Apple works hard to make its software updates painless. But the download and installation process for a major OS update can take a few hours, so it's smart to prepare so that everything goes smoothly...and be ready in case something goes wrong. With El Capitan coming September 30 as a free download in the Mac App Store, now's a good time to get ready.
Check your hardware
First, make sure your Mac can run El Capitan (OS X 10.11). Here's Apple's list of supported machines:
- iMac (mid-2007 or newer)
- MacBook (late 2008 Aluminum, or early 2009 or newer)
- MacBook Air (late 2008 or newer)
- MacBook Pro (mid- to late 2007 or newer)
- Mac Mini (early 2009 or newer)
- Mac Pro (early 2008 or newer)
Choose About This Mac from the Apple menu to see info on your Mac.
Some specific features, such as AirDrop and AirPlay Mirroring, may require more recent models.
Check your memory and storage
Now let's check if you have enough disk and memory space. The El Capitan public beta download weighs in around 6GB, and Apple recommends that you have at least 8GB of disk space free to install an OS update. To give the update room to breathe, consider doubling that. See this as an opportunity to tidy up your hard drive.
What about memory? Apple recommends 2GB of memory minimum. Adding memory can be an affordable way to make your Mac more responsive, however, so if you are working with 2GB, now may be the time to add more.
You can find details about your hard drive and memory by choosing About This Mac from the Apple menu.
Which OS you are running?
Are you running an OS that you can update to El Capitan? With Yosemite (OS X 10.10), Apple said you could upgrade from these OSes:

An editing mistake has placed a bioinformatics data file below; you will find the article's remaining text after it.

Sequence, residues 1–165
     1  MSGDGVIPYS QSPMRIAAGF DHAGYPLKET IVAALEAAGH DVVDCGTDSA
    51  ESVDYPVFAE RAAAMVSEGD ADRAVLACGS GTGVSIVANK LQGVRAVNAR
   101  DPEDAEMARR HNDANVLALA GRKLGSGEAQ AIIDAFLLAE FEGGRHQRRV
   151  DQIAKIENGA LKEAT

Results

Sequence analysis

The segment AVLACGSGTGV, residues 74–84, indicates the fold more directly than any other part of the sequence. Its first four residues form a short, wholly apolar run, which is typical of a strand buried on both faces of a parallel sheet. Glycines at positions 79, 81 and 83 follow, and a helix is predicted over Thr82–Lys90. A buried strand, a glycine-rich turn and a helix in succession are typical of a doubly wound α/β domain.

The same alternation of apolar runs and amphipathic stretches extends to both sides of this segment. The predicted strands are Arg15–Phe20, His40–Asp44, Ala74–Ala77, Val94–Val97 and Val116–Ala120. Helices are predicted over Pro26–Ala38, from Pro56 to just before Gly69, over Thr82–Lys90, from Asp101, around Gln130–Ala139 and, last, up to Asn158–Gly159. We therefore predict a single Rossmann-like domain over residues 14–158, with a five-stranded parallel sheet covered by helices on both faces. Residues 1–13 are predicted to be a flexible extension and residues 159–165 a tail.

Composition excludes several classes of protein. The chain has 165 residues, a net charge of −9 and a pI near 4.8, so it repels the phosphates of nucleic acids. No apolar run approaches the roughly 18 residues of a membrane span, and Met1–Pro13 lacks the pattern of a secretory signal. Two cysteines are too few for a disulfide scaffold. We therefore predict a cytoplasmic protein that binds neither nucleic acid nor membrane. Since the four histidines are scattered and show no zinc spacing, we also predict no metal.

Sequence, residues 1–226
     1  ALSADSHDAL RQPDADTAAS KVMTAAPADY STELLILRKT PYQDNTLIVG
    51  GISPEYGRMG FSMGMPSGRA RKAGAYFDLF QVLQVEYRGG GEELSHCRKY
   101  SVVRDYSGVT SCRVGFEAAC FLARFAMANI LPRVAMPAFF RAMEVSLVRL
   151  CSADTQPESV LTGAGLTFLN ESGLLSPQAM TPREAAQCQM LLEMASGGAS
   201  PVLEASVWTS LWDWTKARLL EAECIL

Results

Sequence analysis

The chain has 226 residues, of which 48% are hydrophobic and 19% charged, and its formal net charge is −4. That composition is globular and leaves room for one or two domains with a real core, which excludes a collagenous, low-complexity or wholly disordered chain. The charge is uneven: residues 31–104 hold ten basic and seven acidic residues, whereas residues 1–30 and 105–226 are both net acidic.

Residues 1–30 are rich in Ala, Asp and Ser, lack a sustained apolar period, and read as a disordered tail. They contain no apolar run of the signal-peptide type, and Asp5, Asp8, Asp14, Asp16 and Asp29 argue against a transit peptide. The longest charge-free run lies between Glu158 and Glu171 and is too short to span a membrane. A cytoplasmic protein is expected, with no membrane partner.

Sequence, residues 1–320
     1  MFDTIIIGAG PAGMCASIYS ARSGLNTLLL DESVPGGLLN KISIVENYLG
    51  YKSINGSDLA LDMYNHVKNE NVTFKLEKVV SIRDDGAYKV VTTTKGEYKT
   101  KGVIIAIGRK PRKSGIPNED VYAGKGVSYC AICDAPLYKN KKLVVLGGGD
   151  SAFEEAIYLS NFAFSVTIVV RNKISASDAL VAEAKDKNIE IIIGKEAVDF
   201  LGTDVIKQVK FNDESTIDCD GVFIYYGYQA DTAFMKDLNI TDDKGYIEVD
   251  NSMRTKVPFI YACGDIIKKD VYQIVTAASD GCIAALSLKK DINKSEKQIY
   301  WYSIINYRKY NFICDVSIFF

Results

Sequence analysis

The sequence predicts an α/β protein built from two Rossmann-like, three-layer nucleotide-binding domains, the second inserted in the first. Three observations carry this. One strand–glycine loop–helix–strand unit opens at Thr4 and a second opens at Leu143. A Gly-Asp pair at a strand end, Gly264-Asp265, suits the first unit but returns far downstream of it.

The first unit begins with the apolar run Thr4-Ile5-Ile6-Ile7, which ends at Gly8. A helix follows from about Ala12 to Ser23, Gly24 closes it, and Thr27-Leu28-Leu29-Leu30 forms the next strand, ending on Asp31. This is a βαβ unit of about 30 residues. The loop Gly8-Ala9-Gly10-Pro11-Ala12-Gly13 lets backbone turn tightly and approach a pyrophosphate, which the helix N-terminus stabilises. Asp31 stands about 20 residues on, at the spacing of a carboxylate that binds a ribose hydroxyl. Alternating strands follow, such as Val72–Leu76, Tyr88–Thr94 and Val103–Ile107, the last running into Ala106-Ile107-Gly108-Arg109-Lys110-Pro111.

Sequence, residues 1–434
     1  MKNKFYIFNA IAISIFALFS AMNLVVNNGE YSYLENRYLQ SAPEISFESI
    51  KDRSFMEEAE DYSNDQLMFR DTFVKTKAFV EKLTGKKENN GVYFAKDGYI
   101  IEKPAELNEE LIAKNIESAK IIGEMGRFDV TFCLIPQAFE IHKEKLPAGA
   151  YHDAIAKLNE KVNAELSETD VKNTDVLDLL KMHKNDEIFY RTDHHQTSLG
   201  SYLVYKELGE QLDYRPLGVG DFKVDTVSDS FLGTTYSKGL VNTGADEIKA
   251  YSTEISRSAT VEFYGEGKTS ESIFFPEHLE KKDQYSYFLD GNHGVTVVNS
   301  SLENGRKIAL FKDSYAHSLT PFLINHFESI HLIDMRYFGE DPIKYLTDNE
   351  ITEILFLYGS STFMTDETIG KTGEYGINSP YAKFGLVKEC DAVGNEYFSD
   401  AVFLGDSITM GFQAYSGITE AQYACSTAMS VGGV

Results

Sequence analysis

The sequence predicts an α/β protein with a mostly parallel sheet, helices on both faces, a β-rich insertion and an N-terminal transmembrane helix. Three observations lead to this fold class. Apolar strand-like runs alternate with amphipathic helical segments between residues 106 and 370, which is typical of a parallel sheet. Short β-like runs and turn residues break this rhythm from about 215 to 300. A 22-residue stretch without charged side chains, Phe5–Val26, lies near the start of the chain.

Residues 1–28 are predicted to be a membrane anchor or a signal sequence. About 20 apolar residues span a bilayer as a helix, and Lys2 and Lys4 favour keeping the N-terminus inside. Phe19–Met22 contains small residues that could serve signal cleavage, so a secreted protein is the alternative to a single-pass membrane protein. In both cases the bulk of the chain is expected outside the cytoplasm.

- OS X Snow Leopard (10.6.8)
- OS X Lion (10.7)
- OS X Mountain Lion (10.8)
- OS X Mavericks (10.9)
El Capitan will likely have similar OS requirements, so check that you are running the most recent version of of one of the upgradable OSes.
Update third-party apps
While you're updating, make sure your third-party apps are current. Click the Updates tab in the Mac App Store to see which updates are available to you. And after you've updated to El Capitan, check again, as third-party developers are working hard to have their apps ready for the new OS.
Know your Apple ID
If you've read this far, you probably have an Apple ID. If you don't, get one before September 30, as you'll need it to download El Capitan from the Mac App Store. You may also be asked for it during the El Capitan and iCloud setup process, so keep it handy.
Back everything up
It's been years since installing a system upgrade resembled a high-wire act. But an update can still go wrong, so it's wise to have a current backup of the contents of your hard drive -- including photo libraries -- before you move to El Capitan.
Apple makes it easy to back up important files through its Time Machine app. If you want to learn more about backing up your Mac, consult our Mac backup basics.